Apart from violence being, you know, a criminal activity, does that not just scream a lack of intellectual depth? If the best response students have to a differing view is to torch the joint or belt someone with a piece of 4x2, you’re not really talking about our nation’s brightest. What is even more sobering is that the audit found almost all of the regulations and restrictions extend beyond the law itself. Students are more censored, restricted and gagged by their universities than in real life.

It seems the culture behind all of this has been allowed to quietly thrive and spread like lantana on your gran’s back fence because nobody thought they’d ever need to prune it.

I know it’s the habit of every generation to look back and think they did things better.

I’m not so foolish nor blinkered to suggest it was perfect, because it wasn’t.

But what it was, was an environment in which we learnt not just in lectures (and let’s be clear, sometimes not even in lectures) but in the day-to-day social navigation around differing views, ideas, cultures and beliefs and the basic life skills that navigation teaches a person.

The reason we should be taking notice of this lies in the black and white numbers of the IPA’s audit. Sure, it backs up a view I’ve held and many of my peers and mates have held for some time, but it’s not about being right, it’s not even about that. It’s about the kind of place a university should be.

It’s about the systematic removal of circumstances in which young people can, through normal, everyday life, develop independent and critical thinking by dealing with people who hold opposing views — even ones most of us might find a tad gauche.

I’m going to go a step further. Learning to deal with offence — rather than the offence itself, is a gift. It’s a life lesson. It teaches you to think for yourself, toss out the garbage, keep what works, listen with an open mind, and respectfully walk away without setting fire to something or calling a lawyer.

And if university isn’t one of the places young people get to learn this, then change is way overdue.


https://thewest.com.au/opinion/opinion-attack-on-free-speech-means-university-is-no-longer-a-place-to-learn-life-lessons-ng-b88699829z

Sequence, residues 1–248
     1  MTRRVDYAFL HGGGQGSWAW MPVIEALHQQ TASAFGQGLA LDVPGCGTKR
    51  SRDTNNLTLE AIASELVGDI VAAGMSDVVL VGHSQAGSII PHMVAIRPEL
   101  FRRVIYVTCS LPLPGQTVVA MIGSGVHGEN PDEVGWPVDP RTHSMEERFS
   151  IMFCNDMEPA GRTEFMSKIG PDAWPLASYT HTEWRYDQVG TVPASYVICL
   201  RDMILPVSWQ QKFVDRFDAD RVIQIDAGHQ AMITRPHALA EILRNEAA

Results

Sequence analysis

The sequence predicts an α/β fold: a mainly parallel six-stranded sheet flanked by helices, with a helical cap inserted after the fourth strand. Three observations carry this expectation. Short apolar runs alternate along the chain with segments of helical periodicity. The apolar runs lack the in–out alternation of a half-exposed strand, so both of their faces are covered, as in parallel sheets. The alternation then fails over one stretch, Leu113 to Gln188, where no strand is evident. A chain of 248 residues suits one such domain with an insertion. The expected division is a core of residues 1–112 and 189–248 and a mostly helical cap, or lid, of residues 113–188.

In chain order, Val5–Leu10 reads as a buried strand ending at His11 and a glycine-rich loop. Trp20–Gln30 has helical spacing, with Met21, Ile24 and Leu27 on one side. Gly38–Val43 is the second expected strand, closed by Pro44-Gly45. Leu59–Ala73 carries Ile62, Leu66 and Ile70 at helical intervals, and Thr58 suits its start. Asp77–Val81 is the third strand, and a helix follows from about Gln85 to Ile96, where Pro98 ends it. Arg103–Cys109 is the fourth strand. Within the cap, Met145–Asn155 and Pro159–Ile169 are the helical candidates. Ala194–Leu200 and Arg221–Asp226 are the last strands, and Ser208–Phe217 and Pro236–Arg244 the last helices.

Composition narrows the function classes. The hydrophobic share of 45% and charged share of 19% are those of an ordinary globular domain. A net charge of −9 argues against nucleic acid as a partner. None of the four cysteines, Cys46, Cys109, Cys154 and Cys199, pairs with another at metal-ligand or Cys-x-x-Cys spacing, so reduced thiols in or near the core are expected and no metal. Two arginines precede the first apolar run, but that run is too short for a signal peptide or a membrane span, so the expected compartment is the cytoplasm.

Once again Gemma Tognini has produced an excellent opinion piece. Political Correctness is all about protecting people from perceived offence. As Gemma writes, life lessons should be about learning to deal with offence, not denying individuals the right to express their opinions.

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“All of life is peaks and valleys. Don’t let the peaks get too high and the valleys too low.” - John Wooden
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scepo
 Posted: Dec 28 2017, 09:20 AM
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I could not agree more Charles.

A great and well written O.P.

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charka
 Posted: Dec 28 2017, 01:47 PM
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look at SSM debacle
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Alicia
 Posted: Dec 28 2017, 03:55 PM
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Well done Gemma, I hope she isn’t hung, drawn and quartered but our social “ elite”. http://fairdinkumnewschat.com/rolleyes.gif
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Flin
 Posted: Dec 28 2017, 03:56 PM
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I was going to say was that now-a-days thermometers aren't the only things that have degrees and are graduated but posses no original thoughts, but I wouldn't like to offend any one who may be offended or be offended on someone's behalf who may or may not take offence, so I'd better not say it..  http://fairdinkumnewschat.b1.jcink.com/uploads/fairdinkumnewschat/smiley_wink.gif